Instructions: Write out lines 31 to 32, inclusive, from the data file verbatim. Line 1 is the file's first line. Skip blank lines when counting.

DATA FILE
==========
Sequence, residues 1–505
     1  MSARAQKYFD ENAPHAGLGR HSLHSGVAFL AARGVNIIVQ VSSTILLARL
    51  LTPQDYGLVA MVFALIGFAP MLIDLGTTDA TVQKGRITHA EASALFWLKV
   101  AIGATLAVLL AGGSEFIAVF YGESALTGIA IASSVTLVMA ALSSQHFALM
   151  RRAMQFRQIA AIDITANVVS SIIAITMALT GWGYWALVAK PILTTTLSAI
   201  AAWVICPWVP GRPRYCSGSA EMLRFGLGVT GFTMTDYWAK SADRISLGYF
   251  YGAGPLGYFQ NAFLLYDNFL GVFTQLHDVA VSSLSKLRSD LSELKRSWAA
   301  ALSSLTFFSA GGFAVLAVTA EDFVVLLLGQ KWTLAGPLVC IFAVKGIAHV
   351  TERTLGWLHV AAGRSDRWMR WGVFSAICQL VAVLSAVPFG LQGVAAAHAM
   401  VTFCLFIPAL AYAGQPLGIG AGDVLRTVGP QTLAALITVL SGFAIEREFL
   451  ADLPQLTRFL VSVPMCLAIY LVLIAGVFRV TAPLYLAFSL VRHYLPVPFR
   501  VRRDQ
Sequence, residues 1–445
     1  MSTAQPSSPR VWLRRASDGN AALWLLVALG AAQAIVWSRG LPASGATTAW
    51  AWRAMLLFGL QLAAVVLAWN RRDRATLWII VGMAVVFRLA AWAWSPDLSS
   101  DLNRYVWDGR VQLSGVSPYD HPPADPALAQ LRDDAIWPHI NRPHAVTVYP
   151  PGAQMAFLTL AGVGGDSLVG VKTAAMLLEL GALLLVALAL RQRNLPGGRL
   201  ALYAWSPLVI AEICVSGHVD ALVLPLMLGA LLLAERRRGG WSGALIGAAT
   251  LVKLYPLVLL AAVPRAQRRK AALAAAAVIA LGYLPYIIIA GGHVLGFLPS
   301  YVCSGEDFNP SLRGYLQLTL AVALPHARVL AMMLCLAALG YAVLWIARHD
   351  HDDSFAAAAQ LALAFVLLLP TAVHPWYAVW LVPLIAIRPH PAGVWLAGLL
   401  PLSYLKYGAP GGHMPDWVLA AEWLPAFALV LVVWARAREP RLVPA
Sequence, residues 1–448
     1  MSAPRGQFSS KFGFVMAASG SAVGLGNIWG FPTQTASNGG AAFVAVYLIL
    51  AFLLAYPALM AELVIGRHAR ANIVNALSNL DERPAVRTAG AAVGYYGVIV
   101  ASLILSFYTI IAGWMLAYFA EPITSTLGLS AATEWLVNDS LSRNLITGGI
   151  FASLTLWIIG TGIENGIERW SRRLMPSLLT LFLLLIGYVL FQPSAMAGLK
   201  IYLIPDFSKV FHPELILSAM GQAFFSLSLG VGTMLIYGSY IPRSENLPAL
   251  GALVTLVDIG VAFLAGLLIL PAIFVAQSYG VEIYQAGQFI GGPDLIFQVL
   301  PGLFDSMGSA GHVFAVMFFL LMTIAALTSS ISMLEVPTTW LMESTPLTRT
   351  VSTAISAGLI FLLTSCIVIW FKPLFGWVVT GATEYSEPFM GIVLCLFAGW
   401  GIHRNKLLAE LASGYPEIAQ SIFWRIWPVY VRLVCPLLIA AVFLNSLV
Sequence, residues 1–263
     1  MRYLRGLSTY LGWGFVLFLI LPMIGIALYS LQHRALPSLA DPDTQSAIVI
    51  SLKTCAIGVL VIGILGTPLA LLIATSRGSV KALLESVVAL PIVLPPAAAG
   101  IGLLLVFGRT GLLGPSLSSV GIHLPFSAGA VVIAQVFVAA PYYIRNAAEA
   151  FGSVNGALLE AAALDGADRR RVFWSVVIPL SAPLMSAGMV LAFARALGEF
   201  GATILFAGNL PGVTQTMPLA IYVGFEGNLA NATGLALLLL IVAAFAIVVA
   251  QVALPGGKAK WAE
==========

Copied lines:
   351  VSTAISAGLI FLLTSCIVIW FKPLFGWVVT GATEYSEPFM GIVLCLFAGW
   401  GIHRNKLLAE LASGYPEIAQ SIFWRIWPVY VRLVCPLLIA AVFLNSLV